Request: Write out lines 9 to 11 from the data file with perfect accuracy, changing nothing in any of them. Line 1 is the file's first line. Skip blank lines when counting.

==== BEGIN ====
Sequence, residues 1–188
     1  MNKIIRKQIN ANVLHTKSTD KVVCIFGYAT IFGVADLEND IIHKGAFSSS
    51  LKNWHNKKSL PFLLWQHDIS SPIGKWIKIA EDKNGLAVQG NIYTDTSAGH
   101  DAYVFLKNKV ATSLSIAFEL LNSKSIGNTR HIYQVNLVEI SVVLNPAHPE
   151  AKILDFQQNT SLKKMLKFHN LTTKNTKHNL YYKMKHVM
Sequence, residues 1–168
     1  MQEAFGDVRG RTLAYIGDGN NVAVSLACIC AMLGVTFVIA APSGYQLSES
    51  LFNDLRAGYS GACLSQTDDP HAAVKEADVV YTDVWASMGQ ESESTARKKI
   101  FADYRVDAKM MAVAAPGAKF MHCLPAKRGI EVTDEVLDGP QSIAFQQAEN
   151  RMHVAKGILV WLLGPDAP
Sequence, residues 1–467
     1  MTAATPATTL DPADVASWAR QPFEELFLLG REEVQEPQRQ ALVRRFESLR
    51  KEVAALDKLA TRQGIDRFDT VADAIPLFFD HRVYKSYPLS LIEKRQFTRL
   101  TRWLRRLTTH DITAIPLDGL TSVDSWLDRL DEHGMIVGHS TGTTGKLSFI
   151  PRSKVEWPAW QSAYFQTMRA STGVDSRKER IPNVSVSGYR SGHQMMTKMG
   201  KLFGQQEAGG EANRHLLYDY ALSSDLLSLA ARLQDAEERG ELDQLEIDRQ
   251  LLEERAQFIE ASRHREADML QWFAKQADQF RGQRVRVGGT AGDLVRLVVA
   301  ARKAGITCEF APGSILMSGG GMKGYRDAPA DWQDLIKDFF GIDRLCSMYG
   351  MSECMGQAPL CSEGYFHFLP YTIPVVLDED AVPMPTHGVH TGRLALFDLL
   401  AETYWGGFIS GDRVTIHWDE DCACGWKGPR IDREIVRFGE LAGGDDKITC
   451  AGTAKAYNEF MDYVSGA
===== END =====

   101  FADYRVDAKM MAVAAPGAKF MHCLPAKRGI EVTDEVLDGP QSIAFQQAEN
   151  RMHVAKGILV WLLGPDAP
Sequence, residues 1–467